This 2.6 Plus/Minus size has become a sub-category, if you will, of plus tires: plus enough to appropriately engage a 30-35mm wide rim, but not so plus you need Boost spacing. With 2.6, you don’t have to get a new bike, just new tires!

Thanks to Maxxis for providing the Rekon 2.6 for review!

# Comments

  • rhut

    Good review. I think most people prefer a tire to match their riding style, not the other way around, and they want to buy one setup for all purposes. I’ve been eyeballing these new “semi-plus” tires as I’m still breaking traction more than I’d like with a 2.5 up front and a 2.4 out back. Considering loose over hard pack is a way of life on the front range, I’ll keep looking.

    • Aaron Chamberlain

      Wider tires may not help you in loose over hard conditions. Granted, those are probably the toughest conditions for any tire to handle. In my experience, plus tires drift even more than their narrower counterparts and feel very floaty and unpredictable in loose over hard.

    • rhut

      Good to know Aaron. Do you have any tire suggestions? Currently have a 2.5 DHF up front and 2.4 Ardent in the back. In most cases I like the Ardent in the back because when the back does slide out, it’s very controllable and usually a lot of fun. Where I run into problems are steep climbs where the rear tire slips and I end up have to hop off the bike and hike. I’ve got a Minion SS on the back of my hardtail and absolutely love sliding that thing around, but the shallow center lugs on that make it even worse to climb with.

    • Downhill Mike

      I am suprised that you find Minion SS bad on the climbs. I run 23 PSI and I find those side knobs do very good job when i need a good grip. They are not very good on wet roots and rocks but over all I think its a fast tire with a good bite.

    • rhut

      For the Minion SS I think part of it is that the short lugs don’t dig deep enough, and the other part is that the bike is a single speed so I have to get out of the saddle to climb and that takes a lot of my weight off the bike tire which causes it to slip on the climbs. Still love the tire for the majority of my riding.

  • stumpyfsr

    Thanks for good review. I tested bike with Rekon in 2.8 and had exactly same fillings. All the time I wanted meatier side knobs, especially on loose sections.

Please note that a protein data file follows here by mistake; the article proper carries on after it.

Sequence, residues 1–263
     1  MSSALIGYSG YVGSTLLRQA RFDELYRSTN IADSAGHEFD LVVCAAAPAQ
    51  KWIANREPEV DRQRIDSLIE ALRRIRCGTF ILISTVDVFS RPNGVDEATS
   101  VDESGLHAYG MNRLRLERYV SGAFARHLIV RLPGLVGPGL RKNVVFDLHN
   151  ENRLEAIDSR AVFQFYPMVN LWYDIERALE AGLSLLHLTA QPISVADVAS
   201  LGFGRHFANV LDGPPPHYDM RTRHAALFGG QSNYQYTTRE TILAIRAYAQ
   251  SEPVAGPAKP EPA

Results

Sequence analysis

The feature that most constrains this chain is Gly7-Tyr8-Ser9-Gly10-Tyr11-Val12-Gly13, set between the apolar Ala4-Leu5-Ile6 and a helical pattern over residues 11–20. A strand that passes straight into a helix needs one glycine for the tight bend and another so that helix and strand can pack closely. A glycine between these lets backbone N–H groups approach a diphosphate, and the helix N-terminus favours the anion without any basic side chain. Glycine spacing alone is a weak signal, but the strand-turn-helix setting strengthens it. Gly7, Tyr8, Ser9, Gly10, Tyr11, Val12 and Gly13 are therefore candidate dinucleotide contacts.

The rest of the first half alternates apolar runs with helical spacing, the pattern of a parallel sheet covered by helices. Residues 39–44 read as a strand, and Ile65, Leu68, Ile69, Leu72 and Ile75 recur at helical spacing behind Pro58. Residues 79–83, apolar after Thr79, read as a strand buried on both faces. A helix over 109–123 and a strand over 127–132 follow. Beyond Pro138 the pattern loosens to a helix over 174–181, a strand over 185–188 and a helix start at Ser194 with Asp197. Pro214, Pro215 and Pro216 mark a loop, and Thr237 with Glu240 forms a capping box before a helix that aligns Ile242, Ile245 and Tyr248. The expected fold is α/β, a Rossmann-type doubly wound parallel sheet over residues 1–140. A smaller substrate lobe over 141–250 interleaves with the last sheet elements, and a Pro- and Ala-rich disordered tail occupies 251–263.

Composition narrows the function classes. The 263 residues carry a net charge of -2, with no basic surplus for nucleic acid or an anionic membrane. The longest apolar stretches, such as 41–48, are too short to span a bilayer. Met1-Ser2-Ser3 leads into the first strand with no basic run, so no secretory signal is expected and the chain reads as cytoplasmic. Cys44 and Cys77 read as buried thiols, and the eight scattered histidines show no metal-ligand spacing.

• Greg Heil

    I have a couple rides in on the new Guerilla Gravity Megatrail SS and it has a 2.6″ Minion DHF up front and a 2.6 Rekon in the rear. I think the Rekon does well for a rear tire and is a good compromise of traction and rolling speed, but after experiencing the 2.8″ Rekon on the Niner RIP, I never have a desire to use it as a front tire ever again. At least, not in my home conditions.

    There are always tradeoffs 🙂

  • mtn417

    With this tire size, will it work with regular 27.5 frame/fork/wheels or do you need a plus set up? I live in WI but also ride in UP and really feel this size on a hard tail is perfect for my riding, currently on a 29er but feel like the large diameter tire would be ideal.

  • cuervo

    Just mounted a pair of WTB Convict 2.5’s on Scraper rims on my GT Sanction. First ride, yesterday was outstanding…loose dirt and rock. Sidewall support is greatly increased with the Scraper rims. Didn’t feel any sidewall flexing or instability. Fast cornering was rock solid, forgive the pun.

    • cuervo

      P.S. I took off some WTB 2.8’s on those Scraper rims…WAYYY too big, harder to pedal, no bite in the loose rocks.

  • kais01

    have nothing against boost, but in the article is implied that it would be necessary for running plus tires. not always…

    i use 3.0 bombolonis with 40i rims on my 2013 cube 29 xc non boost full susser. so an example of 29+ fs.

    that said i welcome inbetween sizes because if you want to go really low in pressure 40i is on the narrow side for those bombolonis. they btw shine in rocky terrain but are not very good in snow; rubber compound is too stiff.

    hoping rocket ron will come in 29/2.8; likely to be perfect.

  • BarryD

    Regarding the measurement, when I fist got the 2.6 Rekon, I mounted it on an SC Reserve 27 (internally 27mm) rim, and indeed I measured it at 2.4″. But a week or so later when my SC Reserve 37 (internally 37mm) rim came in and I got them mounted up, I measured it at a spot-on 2.6″.

    It is also notable that the 2.8 Rekon also measured 2.8″ exactly when mounted on a 40mm rim. So maybe Maxxis is starting to get these measurements right, so long as the rim width is right.

  • r1Gel

    @ChrisDaniels Did you re-measure the tires after the 24-48h “stretching” period?